Three Years & Three Lessons on Leadership
I celebrated three years at Kenway this year. As I reflected on everything I’ve learned, the experiences I’ve had, and the relationships I’ve built, there was a common theme that came to the forefront: leadership.
What makes a great leader? When thinking about the people at Kenway who have influenced my thoughts on leadership, I realized there are several common traits all these men and women hold – they always start by listening, give responsibility, and lead with empathy.
Start by Listening
The best leaders with whom I’ve worked have been those who listen. They listen to their colleagues, clients, friends and family. They start by listening because they understand that diversity of thought, experiences and perspectives lead to better decisions, strategies and results.
Kenway has a Guiding Principle about communication that states, “To communicate swiftly and effectively through all channels, at all levels, internally and externally, regardless of whether the information may be perceived well or badly.” Effective communication starts with listening, and it’s something our consultants do very well. By listening and intimately understanding our clients’ problems, business and perspectives, we can correctly identify how best to help.
I saw this in action on a recent client project. The client had asked us to build a solution that would take hundreds, probably thousands of hours to complete. However, the consultants on our team dove deeper and asked more questions to get to the root problem that needed to be solved. After a couple of these meetings, our project team was able to architect a solution that could be built in weeks, not months, and still meet the business need, thus saving our client both time and money. Without our focus on listening and truly understanding what the client needed, we would not have done what was right by them.
The second trait I’ve seen from great leaders is their ability to give responsibility. Great leaders inspire others to take responsibility and ownership in their work, and only take it themselves when things do not go as planned.
A couple of months ago, I saw one of our experienced consultants put this leadership trait into action. We were being asked by our client to do some very complex, technical work. The consultant in question had a choice: either complete the task himself or, give it to someone else and help coach that person to take ownership and learn from the experience. He chose the latter and what I saw transpire over the next several months was the extreme growth and maturation of one of our newer employees.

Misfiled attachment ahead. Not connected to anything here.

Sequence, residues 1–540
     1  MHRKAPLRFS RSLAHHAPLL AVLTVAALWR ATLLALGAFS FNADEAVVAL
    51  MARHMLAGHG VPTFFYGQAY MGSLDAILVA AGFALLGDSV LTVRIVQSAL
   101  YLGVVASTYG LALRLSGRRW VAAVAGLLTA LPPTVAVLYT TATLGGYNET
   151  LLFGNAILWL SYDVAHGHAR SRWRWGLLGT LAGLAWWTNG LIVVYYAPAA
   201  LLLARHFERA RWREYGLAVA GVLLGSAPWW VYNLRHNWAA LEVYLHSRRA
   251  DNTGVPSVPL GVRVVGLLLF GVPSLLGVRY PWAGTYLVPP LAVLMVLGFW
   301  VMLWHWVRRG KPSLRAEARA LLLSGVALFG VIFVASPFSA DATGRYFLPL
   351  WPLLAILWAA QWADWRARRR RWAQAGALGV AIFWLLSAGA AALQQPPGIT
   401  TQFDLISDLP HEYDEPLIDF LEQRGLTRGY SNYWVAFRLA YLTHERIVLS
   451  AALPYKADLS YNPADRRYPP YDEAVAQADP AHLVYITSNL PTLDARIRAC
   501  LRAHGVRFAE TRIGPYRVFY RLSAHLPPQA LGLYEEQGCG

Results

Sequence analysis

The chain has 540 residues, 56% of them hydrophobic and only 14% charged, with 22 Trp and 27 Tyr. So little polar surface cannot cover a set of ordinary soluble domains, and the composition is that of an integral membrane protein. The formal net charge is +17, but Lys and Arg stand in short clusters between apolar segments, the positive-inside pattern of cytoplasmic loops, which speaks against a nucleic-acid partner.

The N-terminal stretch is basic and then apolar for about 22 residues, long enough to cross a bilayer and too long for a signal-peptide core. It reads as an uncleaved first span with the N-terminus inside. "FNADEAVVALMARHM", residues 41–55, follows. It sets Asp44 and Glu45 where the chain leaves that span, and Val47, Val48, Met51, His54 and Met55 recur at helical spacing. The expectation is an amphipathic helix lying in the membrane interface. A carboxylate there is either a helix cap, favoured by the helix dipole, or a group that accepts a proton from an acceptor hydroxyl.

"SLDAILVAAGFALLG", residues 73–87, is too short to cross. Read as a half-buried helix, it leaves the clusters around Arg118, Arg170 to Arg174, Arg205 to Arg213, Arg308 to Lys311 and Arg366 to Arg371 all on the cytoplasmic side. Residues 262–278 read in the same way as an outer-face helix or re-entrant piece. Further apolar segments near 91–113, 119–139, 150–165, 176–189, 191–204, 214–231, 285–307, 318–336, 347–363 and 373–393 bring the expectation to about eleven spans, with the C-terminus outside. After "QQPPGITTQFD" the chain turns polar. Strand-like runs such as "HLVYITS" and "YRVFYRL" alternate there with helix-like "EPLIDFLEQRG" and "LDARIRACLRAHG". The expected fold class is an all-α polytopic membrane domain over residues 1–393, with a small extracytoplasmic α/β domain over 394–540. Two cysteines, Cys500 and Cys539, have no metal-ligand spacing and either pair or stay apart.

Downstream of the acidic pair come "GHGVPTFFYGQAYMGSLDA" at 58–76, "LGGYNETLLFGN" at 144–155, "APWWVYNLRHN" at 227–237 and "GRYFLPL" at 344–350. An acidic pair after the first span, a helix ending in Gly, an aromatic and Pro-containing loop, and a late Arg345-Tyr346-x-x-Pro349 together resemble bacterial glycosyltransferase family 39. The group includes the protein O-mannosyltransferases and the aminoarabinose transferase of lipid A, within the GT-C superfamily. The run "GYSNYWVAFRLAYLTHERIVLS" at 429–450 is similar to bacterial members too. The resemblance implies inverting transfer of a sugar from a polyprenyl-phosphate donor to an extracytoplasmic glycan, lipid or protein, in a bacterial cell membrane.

By giving responsibility, he was able to empower others to take ownership in their work and grow in the process. Great leaders inspire this kind of responsibility because they realize that with it comes trust, purpose and passion – chief components to any successful organization.
Lead with Empathy
The last, and by far the most important, trait I’ve seen in all great leaders is empathy. We all come from different backgrounds, places, perspectives and experiences. No one truly knows what the person next to them is experiencing on a given day. Leading with empathy is the foundation of every successful business and personal relationship. I’ve seen countless situations during my three years at Kenway where our consultants have led with empathy, doing their best to put themselves in the shoes of our clients so they can understand the complexities of every situation and effectively help.
In fact, I experienced this just last week while in a business development meeting. We were explaining to a prospective client what services Kenway offers. The prospective client told us they already had a couple of vendors they used for specific types of projects and that they were looking for an offshore delivery model. So, what happened next? You would think that my colleague would try to explain how our unique staffing model and Guiding Principles differentiate us from our competition. That isn’t what happened.
Instead, my colleague lead with empathy, putting himself in the shoes of the client. He understood and empathized with the reasons the prospective client was giving for going with an offshore delivery model. In fact, my colleague agreed with her because he knew it was the right thing for the client, even if it meant less revenue for Kenway. By leading with this type of empathy, Kenway has been able to develop long lasting and trusting relationships with our clients.
I wrote a blog last year about how great companies succeed by focusing on their people. What I’ve also come to learn is that for any company to grow and thrive, great leadership is required – not by some, but by many. Great leaders start by listening, give responsibility, and lead with empathy. I’m lucky to work for a culturally-driven company that does all three and does them well. I’m constantly learning from people who inspire me to be better both professionally and personally, and who inspire me to lead.
If you’d like to learn more about Kenway’s culture and how it serves as the foundation for why and how we help our clients, email us at email@example.com.